Arab Organizations HQ Building

Last Saturday I visited the Arab Organization HQ building. I needed to satisfy my curiosity why this building is acclaimed to be world renowned for its beauty in the Middle East and has been attracting visitors around the globe. Now I know why.

The Arab Organizations HQ building houses 4 major Arab organizations namely  : 1. ) Arab Fund for Social and Economic Development,2.)  OAPEC (Organization of Arab Petroleum Exporting Countries), 3.) Inter-Arab Investment Guarantee Corporation and the 4.) Arab Maritime Petroleum Transport Company. This building costs USD $ 150 Million & was completed in 1994.

The exterior of the building itself offers a lot of history & functional concept behind it.  I don’t know about you but beyond every aesthetics, I’d like to know the concept behind it since what lies behind the facade is quite interesting.Outside it looks like a box-type massive structure with deep recessed windows but these features are intentional.In a climate where day time temperatures can reach 50° C, heat and light posed critical design challenges.  The virtually maintenance-free rough stone and granite exterior creates a natural sand trap.  Windows on each face of the building are deeply recessed and angled to offer indirect sunlight.The whole building blends modern architectural techniques with traditional Arabic artisan crafts.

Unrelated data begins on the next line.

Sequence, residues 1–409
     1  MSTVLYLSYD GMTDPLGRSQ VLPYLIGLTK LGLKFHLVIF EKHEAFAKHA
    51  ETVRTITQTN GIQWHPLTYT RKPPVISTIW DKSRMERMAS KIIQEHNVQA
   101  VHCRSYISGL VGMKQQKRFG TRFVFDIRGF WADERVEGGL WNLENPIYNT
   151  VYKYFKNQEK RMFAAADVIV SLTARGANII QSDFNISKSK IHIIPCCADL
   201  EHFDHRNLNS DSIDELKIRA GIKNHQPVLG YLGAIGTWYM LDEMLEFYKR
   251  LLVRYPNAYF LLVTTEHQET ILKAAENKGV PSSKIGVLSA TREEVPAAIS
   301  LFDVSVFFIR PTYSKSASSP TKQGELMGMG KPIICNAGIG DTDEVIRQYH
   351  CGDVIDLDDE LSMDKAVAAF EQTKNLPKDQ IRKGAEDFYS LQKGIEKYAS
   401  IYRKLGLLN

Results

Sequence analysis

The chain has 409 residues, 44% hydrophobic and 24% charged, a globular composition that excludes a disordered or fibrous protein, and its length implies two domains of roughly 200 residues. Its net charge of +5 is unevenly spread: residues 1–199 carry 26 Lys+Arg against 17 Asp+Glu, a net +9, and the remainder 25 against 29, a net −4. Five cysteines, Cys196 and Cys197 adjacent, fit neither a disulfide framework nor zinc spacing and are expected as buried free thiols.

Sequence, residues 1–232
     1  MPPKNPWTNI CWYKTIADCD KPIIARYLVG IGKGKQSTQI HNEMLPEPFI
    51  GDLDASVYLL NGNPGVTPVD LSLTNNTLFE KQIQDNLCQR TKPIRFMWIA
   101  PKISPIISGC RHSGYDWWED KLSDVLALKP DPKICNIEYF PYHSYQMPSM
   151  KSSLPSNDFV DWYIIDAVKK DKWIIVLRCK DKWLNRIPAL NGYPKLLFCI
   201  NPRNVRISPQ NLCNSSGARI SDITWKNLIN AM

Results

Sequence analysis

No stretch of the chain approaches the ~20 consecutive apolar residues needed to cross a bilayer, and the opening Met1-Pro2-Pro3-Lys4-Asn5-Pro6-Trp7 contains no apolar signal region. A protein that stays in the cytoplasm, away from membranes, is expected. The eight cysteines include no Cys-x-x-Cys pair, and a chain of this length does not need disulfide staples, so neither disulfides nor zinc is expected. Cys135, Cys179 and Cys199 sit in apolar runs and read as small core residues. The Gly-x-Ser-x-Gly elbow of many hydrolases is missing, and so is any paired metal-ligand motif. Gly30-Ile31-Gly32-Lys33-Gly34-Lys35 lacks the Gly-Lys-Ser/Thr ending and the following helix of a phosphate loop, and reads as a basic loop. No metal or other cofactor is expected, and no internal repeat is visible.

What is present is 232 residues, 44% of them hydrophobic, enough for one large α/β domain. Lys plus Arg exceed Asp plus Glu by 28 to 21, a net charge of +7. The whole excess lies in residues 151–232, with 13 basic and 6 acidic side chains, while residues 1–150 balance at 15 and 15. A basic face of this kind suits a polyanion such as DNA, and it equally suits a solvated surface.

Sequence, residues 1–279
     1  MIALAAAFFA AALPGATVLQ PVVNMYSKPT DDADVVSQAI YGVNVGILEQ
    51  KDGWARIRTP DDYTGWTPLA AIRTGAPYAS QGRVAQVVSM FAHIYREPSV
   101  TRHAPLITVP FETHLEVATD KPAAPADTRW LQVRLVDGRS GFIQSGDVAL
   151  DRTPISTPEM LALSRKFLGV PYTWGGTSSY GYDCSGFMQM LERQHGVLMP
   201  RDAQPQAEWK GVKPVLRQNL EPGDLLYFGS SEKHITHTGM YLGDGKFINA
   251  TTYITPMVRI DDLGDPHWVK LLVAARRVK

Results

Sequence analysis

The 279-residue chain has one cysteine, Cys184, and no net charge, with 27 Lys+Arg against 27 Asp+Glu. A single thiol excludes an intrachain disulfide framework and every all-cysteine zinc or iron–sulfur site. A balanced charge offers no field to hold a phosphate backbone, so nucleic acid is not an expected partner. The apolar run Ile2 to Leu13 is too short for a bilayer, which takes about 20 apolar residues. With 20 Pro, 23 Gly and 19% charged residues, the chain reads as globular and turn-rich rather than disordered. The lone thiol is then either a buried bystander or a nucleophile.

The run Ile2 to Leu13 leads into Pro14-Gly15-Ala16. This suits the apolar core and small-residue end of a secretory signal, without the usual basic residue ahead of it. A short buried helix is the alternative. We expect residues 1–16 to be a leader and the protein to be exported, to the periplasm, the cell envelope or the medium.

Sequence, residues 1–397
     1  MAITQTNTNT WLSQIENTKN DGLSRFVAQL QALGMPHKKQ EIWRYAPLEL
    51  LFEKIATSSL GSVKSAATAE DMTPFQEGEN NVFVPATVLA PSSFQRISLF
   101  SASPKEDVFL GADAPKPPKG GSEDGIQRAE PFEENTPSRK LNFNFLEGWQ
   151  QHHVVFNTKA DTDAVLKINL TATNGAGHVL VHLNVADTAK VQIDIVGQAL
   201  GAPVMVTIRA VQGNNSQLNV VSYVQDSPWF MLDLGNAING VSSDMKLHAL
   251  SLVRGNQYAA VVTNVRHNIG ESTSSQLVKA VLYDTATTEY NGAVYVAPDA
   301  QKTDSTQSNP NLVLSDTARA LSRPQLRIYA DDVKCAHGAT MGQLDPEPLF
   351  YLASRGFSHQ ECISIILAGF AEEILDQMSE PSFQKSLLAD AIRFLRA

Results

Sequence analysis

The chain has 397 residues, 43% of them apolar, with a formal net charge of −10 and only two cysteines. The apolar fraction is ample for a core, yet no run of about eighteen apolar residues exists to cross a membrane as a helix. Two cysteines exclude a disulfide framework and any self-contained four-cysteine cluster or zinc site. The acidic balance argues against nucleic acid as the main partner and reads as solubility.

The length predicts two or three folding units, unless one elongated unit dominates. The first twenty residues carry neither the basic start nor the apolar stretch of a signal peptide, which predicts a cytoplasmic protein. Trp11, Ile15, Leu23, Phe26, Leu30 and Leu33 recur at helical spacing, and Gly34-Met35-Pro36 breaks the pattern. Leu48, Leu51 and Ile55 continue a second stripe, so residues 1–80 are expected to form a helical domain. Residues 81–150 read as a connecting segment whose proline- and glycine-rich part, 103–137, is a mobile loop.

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As I entered the building, I am faced to this massive hand-carved door. A total stunner which is labor of love considering the thousand pieces that this door needs to be assembled. This door is used as the main entrance of the building. Each door weighs one ton, and they’re so well-balanced that they will open at the touch of a finger. A Tunisian carved stone surround the entrance of this building.